These Students Are Seriously Getting Punished For Wearing Braids In School

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Whether high school students are being punished for showing a little ankle at prom, or a little shoulder during fourth period, what is it about dress codes that schools just can’t get right?
It seems like each week there’s an institution enforcing policies that don’t so much as teach diversity among peers, as it teaches intolerance among students and faculty.
Recently, after two Black teenage students repeatedly wore braids to school, they were written up and given detentions. Now the twin sisters, Deanna and Mya, who attend the Mystic Valley Regional Charter school outside of Boston, face suspension.
Their Mother, Colleen Cook spoke to the Boston Globe about the matter.
“They teach them at a very high academic level and I appreciate that, and that’s why they go to the school,” she said. “But, unfortunately, they don’t have any sensitivity to diversity at all.”
The Globe also noted that Cook wasn’t the only parent with Black or brown daughters being targeted. Many parents stepped forward and complained that their daughters — who were often either Black or biracial — were being harshly disciplined for wearing braids with extensions to school.
Mystic Valley caters to a largely minority student populace yet its dress and grooming policies restrict hair extensions of all kinds. According to the school, this is in an effort to “foster a culture that emphasizes education rather than style, fashion or materialism. Our policy on hair extensions, which tend to be very expensive, is consistent with, and a part of, the educational environment that we believe is so important to our students’ success,” as noted by the NY Daily News.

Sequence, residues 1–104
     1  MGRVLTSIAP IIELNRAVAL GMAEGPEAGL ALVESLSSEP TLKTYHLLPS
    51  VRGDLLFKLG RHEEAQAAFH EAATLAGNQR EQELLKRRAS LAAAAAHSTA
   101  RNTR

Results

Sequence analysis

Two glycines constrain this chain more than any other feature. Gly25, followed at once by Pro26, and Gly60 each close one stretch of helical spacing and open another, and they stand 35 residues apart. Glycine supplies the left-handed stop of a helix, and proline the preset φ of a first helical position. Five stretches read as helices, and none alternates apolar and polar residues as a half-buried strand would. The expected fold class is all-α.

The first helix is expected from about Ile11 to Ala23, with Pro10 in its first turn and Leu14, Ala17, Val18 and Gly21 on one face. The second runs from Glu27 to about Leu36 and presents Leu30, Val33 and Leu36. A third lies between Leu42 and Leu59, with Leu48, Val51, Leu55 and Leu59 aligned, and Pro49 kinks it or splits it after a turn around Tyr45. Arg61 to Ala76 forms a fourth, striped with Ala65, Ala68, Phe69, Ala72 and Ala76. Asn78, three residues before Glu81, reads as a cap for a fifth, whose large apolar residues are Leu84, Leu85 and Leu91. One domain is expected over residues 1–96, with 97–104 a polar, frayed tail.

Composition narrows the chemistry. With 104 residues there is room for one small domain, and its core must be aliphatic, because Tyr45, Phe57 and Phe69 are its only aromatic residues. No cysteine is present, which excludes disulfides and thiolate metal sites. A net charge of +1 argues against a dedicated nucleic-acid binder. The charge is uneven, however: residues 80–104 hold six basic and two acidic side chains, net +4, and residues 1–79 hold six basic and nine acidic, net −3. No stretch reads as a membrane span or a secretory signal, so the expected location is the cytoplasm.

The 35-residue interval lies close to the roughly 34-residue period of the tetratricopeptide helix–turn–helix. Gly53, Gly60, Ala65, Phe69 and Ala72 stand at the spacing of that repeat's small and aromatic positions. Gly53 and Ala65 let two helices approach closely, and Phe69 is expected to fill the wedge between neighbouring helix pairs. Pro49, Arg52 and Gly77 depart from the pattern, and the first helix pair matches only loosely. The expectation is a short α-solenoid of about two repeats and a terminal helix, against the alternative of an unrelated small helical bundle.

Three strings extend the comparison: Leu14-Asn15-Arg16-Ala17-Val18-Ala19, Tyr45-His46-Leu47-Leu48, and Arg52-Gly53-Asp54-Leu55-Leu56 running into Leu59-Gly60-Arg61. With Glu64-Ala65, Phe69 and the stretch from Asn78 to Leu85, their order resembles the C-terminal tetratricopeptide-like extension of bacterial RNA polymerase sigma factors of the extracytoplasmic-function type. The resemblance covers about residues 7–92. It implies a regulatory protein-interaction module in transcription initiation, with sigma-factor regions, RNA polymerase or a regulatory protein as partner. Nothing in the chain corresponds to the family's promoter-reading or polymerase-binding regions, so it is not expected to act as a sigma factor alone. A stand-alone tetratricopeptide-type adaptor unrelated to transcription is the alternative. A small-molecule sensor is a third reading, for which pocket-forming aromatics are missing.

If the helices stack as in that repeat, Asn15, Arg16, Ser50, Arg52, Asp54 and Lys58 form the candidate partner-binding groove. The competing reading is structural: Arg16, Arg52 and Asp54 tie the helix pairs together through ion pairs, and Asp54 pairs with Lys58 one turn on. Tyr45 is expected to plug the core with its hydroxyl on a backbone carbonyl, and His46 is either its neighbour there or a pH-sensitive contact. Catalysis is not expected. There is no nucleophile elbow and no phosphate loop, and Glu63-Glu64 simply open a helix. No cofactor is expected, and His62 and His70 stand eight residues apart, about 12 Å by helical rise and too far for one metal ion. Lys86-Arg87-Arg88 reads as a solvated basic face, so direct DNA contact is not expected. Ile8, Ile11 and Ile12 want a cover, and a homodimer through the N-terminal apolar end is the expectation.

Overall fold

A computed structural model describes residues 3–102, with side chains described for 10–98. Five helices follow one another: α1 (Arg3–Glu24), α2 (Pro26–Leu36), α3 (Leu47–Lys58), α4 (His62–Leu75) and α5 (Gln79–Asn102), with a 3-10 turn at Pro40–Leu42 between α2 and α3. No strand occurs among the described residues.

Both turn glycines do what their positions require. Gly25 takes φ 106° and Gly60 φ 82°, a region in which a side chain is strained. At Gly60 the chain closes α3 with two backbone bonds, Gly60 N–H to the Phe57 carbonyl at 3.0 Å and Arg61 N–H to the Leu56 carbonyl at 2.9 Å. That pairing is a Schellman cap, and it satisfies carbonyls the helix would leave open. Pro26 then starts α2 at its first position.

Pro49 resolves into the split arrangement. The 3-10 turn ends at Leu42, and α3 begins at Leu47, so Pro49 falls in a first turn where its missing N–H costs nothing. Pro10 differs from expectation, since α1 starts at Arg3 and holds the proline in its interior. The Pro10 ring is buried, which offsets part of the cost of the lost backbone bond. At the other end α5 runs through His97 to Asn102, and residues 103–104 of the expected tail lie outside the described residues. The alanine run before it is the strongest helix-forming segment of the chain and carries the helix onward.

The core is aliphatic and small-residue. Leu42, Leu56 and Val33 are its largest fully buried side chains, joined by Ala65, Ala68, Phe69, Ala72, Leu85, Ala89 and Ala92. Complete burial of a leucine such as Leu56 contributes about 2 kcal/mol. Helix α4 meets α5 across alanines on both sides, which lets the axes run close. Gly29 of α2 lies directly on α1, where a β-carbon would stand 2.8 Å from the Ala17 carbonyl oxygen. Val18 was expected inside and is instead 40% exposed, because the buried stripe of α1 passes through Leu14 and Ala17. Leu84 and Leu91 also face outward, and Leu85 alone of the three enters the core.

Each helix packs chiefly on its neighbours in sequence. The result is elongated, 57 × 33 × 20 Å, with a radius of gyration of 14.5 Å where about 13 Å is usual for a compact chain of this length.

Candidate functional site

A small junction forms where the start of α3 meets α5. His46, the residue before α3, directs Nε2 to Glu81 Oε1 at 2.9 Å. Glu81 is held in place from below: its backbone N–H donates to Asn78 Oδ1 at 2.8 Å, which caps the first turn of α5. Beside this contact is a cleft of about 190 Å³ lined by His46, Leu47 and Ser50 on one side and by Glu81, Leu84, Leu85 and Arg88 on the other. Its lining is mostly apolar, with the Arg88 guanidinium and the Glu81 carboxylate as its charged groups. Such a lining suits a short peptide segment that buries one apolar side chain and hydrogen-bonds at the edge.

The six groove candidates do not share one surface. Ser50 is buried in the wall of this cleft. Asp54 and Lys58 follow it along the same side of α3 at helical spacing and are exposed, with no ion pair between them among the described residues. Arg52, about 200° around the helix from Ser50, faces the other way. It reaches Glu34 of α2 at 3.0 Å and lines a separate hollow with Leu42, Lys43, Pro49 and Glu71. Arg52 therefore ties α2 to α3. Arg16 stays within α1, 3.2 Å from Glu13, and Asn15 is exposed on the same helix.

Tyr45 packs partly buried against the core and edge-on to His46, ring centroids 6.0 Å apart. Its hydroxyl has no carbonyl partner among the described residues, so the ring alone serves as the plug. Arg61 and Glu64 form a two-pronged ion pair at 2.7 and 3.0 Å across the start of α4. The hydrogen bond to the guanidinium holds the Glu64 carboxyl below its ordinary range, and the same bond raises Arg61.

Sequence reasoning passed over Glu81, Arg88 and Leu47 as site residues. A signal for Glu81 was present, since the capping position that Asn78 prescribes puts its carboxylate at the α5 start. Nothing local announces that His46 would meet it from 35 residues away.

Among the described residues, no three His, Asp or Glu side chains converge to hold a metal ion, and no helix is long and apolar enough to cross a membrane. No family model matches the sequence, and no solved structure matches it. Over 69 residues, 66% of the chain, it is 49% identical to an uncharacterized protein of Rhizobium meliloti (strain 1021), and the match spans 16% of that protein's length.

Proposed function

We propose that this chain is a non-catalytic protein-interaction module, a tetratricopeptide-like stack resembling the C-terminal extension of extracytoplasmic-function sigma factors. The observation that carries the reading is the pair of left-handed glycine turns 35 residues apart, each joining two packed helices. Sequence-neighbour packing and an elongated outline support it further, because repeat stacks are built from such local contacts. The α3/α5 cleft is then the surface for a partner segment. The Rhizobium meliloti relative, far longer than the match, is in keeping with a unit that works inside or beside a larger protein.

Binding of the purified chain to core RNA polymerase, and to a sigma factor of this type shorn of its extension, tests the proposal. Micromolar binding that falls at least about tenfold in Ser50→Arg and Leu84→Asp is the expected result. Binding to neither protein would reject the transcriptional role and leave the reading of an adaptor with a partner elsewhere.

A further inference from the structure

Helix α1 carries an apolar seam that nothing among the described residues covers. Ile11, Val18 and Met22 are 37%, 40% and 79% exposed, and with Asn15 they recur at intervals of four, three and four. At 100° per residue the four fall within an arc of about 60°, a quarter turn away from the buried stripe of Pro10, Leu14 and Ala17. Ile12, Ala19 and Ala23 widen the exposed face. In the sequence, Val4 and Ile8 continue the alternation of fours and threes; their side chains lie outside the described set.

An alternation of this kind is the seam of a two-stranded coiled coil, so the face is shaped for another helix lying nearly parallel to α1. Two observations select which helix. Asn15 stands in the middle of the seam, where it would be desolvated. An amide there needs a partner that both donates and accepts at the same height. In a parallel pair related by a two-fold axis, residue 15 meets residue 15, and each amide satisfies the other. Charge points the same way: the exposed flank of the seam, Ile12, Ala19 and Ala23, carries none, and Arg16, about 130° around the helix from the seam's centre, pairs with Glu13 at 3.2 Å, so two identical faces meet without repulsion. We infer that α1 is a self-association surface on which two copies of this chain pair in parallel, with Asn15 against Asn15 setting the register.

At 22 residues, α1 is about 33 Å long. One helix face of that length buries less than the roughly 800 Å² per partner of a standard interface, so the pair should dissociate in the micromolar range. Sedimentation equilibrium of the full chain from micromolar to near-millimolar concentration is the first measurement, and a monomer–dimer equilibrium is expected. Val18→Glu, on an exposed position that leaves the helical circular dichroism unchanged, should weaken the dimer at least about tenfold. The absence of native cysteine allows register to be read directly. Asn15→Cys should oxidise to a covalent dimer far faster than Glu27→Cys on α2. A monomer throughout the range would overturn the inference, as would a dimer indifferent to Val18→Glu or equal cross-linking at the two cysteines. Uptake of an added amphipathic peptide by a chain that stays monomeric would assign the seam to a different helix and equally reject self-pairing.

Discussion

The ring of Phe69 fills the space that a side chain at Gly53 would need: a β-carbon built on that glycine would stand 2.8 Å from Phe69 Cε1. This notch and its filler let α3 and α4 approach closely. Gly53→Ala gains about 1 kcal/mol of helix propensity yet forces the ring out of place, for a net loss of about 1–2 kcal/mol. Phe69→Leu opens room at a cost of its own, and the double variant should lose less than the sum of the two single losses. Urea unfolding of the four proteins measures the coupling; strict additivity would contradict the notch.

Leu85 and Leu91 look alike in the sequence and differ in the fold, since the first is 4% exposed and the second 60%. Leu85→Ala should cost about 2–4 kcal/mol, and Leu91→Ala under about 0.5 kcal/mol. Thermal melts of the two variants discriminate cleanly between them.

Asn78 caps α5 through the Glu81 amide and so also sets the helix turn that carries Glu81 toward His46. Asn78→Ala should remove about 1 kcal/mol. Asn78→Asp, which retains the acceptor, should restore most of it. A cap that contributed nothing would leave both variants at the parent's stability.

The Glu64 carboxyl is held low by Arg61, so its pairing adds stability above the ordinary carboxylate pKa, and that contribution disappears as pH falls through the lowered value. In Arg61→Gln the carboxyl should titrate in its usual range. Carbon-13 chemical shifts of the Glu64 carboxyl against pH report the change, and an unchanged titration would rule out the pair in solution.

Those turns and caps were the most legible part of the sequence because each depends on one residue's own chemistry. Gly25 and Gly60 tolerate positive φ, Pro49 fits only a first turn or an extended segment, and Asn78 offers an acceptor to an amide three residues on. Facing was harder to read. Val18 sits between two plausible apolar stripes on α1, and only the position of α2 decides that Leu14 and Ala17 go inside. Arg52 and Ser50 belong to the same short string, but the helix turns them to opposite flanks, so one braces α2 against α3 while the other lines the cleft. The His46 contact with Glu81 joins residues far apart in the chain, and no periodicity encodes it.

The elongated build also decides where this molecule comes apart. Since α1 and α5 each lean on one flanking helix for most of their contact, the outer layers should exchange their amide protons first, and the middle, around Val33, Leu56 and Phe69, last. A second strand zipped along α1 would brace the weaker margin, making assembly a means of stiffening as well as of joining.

It was also noted that the administration didn't support "unnatural hair colors or styles." However, when the two sisters wore their relaxed hairstyle to school, there was no peep from faculty.
“When we read that part of the policy, we felt it unjustly impacted our daughters and unjustly impacted the population of colored people going to that school,” said the father of the two sophomore students, Aaron Cook to the NY Daily News. “You don’t often see Caucasian females wearing extensions.”
One of the most unsettling details about the bias was how the school handled students breaking the guidelines. “There are kids who are being rounded up and marched downstairs for daily hair inspections and the girls don’t really understand why they are treating them this way,” the father said. This is also typically done in front of other students. Meaning for the many pupils unaffected by this dress code proviso, they’re receiving a lesson in oppression.
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